E. Application of Project Recommendations.

Since all the experiments studied by the AIP are from the recent past, our findings do not necessarily apply to patterns of records destruction that may take place sometime after experiments are completed. Like other groups, most physicists only keep documents if they think they will be useful to them. Good records-keeping may be acknowledged by all as necessary while the experimental process is alive, but when the experiment is over, records can easily be neglected, forgotten, or destroyed. A decade from now, many, if not most, of the records located by the AIP project may well be gone. To be most effective in documenting multi-institutional collaborations, future archival efforts should take place during the brief period of years when the records-keeping needs of the scientific collaboration coincide with the goals of archivists.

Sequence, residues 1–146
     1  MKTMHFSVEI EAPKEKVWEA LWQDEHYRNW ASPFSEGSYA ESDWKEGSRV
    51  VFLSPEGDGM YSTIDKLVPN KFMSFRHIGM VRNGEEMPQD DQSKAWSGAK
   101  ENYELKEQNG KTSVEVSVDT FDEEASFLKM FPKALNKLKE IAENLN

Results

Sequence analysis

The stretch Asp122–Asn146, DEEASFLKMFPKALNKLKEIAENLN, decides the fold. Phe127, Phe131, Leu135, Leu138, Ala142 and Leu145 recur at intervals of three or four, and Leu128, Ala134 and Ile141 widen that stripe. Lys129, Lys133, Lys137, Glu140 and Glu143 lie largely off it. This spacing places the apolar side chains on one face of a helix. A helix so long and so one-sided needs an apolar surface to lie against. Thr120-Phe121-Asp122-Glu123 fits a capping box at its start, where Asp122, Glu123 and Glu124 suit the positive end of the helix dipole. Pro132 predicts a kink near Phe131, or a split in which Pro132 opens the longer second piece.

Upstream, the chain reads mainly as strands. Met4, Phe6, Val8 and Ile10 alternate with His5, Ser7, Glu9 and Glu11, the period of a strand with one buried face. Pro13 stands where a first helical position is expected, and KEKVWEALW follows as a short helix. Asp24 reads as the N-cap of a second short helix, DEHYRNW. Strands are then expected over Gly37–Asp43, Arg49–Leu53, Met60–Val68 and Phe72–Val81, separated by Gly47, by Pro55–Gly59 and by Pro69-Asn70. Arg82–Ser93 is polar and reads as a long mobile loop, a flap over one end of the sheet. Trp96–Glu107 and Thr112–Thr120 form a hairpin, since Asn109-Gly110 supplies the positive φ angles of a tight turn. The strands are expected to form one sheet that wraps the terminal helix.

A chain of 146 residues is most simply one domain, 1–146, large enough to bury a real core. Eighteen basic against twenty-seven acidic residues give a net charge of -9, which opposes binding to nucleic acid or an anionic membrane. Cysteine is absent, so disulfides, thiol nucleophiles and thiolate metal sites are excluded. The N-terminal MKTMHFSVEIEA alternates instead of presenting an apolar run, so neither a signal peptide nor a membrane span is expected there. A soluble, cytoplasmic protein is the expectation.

The following recommendations are directed specifically to the actions needed to document collaborative research in high-energy physics. They are justified in more detail in Report No. 2: Documenting Collaborations in High-Energy Physics[1]. Most of the documents referred to are currently on paper, but our recommendations also apply to information in electronic format.

Project findings and these recommendations illustrate some complexities involved in documenting past experiments, especially in locating valuable files. Accordingly, the most important recommendation urges a new approach to securing the documentation for future experiments. We suggest that, once an experiment has been approved, the accelerator laboratory should ask the spokesperson to identify one of the collaboration members who would be responsible for its collaboration-wide records. In addition-where historical significance warrants-individuals should be named to be responsible for group-level documentation of innovative components or techniques. This information should be incorporated into the laboratory's contractual agreement with the collaboration. Use of this simple mechanism would assist archivists by assuring that records will be available for appraisal and by providing information on their location.